“Each has his past shut in him like the leaves of a book known to him by heart and his friends can only read the title.” ~ Virginia Woolf

“Tree Shadows in the Park Wall, Roundhay, Leeds” by John Atkinson Grimshaw (1872)

                   

“Life goes on grinding up 
glass, wearing out clothes 
making fragments 
breaking down 
forms 
and what lasts through time 
is like an island on a ship in the sea, 
perishable 
surrounded by dangerous fragility 
by merciless waters and threats.” ~ Pablo Neruda, from “Ode to Broken Things” 

"October Gold," by John Atkinson Grimshaw (ca 1880s, oil on canvas)

Saturday afternoon in my mother’s living room.

Another entire week has passed between posts, and the only thing that I wanted to do this week was to write. In the small interludes between television and other things, I have had no signal, so I sit here and play Spider Solitaire for a few minutes, hoping that the small icon in the bottom right of my screen will change from a big red X to a globe.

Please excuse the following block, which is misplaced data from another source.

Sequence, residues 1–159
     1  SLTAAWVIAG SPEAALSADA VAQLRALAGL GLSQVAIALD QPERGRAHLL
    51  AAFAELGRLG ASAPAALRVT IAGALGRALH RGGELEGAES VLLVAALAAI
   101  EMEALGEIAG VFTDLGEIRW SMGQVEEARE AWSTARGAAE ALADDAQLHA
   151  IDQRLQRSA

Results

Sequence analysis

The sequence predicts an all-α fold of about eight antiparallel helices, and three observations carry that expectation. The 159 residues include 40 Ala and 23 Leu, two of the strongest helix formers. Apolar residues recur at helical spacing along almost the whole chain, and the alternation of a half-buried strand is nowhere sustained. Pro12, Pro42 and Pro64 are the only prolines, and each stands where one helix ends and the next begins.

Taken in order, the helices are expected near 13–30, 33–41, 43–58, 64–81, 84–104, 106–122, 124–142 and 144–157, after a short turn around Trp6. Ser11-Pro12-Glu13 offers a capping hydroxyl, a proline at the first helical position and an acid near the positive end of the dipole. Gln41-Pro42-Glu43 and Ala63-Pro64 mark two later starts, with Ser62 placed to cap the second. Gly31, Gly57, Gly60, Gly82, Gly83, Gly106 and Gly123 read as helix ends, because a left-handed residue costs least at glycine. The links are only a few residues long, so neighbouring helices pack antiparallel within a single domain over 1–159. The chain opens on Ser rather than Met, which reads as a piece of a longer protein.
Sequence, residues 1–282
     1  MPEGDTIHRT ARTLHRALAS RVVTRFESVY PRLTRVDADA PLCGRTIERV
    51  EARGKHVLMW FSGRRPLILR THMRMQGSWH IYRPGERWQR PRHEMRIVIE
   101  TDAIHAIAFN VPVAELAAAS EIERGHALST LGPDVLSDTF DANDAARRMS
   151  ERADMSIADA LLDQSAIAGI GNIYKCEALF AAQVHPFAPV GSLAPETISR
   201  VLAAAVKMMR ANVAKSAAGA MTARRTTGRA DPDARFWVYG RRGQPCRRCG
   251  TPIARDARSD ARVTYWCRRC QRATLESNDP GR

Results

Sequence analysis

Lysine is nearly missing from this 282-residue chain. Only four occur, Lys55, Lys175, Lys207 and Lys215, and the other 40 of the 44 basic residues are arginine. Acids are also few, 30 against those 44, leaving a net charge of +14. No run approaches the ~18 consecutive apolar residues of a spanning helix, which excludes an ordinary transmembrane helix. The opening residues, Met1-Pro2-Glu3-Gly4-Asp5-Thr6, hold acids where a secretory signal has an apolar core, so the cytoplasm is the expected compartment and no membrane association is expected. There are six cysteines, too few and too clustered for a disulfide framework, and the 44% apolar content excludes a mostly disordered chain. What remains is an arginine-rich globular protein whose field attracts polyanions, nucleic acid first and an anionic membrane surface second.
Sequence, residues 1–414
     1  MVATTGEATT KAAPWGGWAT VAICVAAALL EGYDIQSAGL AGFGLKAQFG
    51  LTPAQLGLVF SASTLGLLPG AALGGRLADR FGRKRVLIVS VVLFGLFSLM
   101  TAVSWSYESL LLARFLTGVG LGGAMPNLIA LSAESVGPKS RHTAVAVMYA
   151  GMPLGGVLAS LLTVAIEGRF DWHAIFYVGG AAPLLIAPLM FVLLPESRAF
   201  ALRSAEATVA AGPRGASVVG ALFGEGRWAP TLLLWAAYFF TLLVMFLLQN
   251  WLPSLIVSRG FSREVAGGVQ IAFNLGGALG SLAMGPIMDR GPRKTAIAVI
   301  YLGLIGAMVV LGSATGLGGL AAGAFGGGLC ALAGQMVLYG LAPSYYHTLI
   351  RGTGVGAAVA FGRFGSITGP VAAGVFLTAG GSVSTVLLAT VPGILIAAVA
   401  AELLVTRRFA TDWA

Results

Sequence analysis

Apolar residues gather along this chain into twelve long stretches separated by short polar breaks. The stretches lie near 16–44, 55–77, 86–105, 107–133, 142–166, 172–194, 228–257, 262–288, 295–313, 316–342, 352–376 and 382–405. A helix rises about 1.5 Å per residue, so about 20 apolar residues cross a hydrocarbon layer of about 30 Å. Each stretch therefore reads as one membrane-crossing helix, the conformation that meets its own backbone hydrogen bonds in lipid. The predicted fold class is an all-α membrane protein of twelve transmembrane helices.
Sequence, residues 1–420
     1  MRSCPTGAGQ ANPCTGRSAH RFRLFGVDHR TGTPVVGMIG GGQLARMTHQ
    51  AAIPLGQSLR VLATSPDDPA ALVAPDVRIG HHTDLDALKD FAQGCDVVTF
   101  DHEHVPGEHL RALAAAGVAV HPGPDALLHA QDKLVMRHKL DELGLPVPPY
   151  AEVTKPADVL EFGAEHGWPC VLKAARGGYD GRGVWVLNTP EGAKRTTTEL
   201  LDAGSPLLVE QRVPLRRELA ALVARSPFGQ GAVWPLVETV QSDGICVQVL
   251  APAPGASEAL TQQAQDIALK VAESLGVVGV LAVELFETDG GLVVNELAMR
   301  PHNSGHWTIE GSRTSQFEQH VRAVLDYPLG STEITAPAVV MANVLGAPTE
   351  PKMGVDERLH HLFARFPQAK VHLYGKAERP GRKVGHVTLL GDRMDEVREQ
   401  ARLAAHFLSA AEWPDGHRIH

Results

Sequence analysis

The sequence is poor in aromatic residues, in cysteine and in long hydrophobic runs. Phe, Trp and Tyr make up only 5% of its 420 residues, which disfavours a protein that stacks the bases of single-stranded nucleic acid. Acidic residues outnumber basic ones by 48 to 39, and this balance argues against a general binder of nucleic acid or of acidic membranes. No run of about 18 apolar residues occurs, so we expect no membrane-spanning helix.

So this is the latest: My mother is much better; she is bitching at everyone about everything, so I know that she is feeling close to normal. She is even thinking about going to bingo. Therefore, I will begin gathering my possessions and making the physical and mental move two miles to my own home where my exceedingly patient spouse, son, and not-so-patient dogs are awaiting me.

The time is right for everyone. My back is pretty much fried from sleeping on couches and attempting to lift things that I should not lift. Each time a knot makes its way into the small of my back, I cannot help but flash on the face of the judge who ruled that I’m just fine, that I could go back to a job similar to one I previously held. Need I say my hankering to accost him verbally simmers close to the surface frequently these days . . .

“Meaning is not in things
but in between them.” ~ Norman O. Brown

"November Moonlight," by John Atkinson Grimshaw

Instead of measuring my days in coffee spoons, I find myself measuring the day by what my mother has on the tv: If it’s “The Price is Right,” it must be 11 a.m. I know that I have been here too long as I find myself shouting out answers to game show questions on the television, and immediately afterward I think, “who is this person?”